I don't normally deal with issues related to atheism on this blog because the focus is on varieties of belief and engagement between adherents of these belief and ritual systems, but a recent couple of articles at religion dispatches caught my eye for a few reasons.
An article touches on the "new atheism," that brand of very vocal atheism now found in various expressions in pop culture, particularly through authors like Richard Dawkins. Eric Reitan is the author of Is God a Delusion? A Reply to Religion's Cultured Despisers (Wiley-Blackwell, 208) and in an interview at religion dispatches he makes a few points that demonstrate problems on both sides of belief and disbelief. For example, his research into the misrepresentation of Thomas Aquinas' arguments for God's existence by Richard Dawkins, and the development of his arguments for atheism from these misrepresentations, led him to the writing of his book. Interestingly, Reitan points out that both Christians and atheists frequently allege that the natural result of either atheism or theism is immorality and irrationality. Reitan is careful to point out flaws in both sides of this debate, and he calls for representatives of these belief systems to move beyond this problematic rhetoric.
Reitan also reminds us that arguments for "a fundamentally mysterious reality beyond the empirical world" do not have to be all or nothing, either proving God's existence beyond a reasonable doubt or tossed aside as of no value. Reitan states that "Just because an argument doesn’t take us all the way to God doesn’t mean it’s irrelevant to the case for theism." Christians, especially apologists, need this helpful reminder, along with a dose of epistemic and sociological humility in the process of developing arguments for theism.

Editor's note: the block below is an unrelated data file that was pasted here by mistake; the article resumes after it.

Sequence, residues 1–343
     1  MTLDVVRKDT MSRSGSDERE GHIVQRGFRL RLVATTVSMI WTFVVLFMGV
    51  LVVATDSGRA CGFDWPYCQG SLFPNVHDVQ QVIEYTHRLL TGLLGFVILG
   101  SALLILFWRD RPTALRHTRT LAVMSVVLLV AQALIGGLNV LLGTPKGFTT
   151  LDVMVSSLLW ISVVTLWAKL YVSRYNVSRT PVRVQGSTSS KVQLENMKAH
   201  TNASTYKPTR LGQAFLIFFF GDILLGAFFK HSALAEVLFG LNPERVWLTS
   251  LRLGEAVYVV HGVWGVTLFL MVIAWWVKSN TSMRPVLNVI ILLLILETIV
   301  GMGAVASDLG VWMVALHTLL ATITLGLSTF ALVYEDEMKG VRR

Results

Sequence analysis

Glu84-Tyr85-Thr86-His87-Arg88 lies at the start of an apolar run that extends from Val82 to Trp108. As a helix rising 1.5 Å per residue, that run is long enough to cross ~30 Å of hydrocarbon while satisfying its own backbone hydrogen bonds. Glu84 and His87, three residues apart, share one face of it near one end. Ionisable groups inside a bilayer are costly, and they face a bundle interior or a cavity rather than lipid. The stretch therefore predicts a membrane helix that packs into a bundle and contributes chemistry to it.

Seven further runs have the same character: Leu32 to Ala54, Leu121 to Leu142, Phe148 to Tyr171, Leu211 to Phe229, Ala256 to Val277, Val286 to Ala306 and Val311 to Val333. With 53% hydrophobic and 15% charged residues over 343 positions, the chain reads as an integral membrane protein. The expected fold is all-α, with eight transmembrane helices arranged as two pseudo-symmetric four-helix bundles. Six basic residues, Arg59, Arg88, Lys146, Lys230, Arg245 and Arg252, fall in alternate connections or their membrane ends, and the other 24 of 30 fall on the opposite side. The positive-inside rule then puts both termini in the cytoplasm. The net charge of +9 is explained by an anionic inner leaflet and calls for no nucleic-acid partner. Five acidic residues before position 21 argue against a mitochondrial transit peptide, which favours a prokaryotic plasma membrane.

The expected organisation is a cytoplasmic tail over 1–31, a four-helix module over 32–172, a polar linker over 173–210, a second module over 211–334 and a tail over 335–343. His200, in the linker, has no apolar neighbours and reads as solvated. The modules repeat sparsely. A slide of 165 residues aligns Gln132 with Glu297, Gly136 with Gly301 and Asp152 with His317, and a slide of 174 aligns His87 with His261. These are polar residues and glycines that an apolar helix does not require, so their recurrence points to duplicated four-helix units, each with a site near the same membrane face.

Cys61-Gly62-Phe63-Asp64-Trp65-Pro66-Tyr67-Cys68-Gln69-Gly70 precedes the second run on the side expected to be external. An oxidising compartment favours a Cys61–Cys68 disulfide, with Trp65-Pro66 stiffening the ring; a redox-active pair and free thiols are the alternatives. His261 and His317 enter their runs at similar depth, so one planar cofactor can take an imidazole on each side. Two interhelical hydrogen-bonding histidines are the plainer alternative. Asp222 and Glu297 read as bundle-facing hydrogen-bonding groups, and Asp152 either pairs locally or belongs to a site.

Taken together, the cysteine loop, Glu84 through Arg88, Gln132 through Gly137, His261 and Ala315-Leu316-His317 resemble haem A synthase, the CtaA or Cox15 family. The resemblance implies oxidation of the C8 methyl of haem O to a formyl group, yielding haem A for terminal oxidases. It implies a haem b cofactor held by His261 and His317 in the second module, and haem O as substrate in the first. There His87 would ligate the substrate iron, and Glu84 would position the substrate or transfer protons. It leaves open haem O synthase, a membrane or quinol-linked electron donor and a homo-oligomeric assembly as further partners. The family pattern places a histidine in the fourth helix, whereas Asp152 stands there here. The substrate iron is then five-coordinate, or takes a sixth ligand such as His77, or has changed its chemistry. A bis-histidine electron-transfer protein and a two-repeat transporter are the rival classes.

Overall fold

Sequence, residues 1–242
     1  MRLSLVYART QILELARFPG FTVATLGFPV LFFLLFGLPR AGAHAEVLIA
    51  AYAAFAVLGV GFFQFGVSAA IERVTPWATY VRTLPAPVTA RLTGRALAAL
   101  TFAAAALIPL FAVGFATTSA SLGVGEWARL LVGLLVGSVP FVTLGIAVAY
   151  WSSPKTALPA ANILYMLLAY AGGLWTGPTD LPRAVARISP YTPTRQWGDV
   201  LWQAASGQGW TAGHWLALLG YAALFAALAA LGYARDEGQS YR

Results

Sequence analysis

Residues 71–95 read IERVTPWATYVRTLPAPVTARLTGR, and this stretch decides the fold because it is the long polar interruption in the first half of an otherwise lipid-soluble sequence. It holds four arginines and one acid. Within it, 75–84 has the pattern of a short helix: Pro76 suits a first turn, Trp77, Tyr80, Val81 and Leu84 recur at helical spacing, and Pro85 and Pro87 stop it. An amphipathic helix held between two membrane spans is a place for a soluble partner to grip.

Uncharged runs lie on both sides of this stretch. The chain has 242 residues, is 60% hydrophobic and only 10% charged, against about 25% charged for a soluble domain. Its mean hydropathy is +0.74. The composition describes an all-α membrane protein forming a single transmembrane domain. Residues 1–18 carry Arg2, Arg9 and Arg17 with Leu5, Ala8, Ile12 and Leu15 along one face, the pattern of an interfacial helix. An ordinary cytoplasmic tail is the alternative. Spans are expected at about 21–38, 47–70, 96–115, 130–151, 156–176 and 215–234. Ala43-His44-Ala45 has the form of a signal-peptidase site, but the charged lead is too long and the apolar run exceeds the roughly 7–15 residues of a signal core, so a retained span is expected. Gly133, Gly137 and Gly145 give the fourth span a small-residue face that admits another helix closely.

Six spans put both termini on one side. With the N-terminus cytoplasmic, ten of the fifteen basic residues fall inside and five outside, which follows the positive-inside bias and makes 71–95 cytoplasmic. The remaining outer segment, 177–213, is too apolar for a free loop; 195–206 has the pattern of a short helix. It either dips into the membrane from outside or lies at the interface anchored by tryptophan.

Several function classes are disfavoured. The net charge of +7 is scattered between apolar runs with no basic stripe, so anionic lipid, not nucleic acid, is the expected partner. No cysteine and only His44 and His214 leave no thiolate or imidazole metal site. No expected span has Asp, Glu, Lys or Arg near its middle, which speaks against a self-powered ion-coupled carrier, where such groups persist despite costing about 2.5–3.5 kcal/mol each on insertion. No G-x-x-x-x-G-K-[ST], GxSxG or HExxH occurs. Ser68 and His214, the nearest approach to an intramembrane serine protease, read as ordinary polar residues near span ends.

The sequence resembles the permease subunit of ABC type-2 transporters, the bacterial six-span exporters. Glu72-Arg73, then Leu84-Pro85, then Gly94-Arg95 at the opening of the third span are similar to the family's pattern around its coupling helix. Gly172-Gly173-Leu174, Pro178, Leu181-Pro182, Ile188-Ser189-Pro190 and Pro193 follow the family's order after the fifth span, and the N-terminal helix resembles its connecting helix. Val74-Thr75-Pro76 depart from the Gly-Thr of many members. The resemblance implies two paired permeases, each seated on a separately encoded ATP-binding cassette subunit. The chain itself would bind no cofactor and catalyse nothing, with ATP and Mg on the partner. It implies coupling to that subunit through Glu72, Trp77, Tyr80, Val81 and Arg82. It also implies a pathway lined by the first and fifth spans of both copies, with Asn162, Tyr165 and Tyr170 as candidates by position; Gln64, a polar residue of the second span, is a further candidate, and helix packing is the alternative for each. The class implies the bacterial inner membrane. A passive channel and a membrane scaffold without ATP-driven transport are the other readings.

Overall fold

Finally, in the interview Reitan mentions the influence of Marilyn McCord Adams through her book Christ and Horrors: The Coherence of Christology (Cambridge University Press, 2006). Adams develops the thesis that evil is central to Christian theology and that "incarnation and crucifixion as God’s solution to the problem." The title and topic are intriguing, and I've added it to my "to be purchased" list.
I applaud the efforts of writers like Reitan who seek to move representatives of belief and unbelief beyond the rhetoric which preaches to the choir so that individual constituencies can cheer for their heroes and takes us to more promising attempts at understanding and engagement.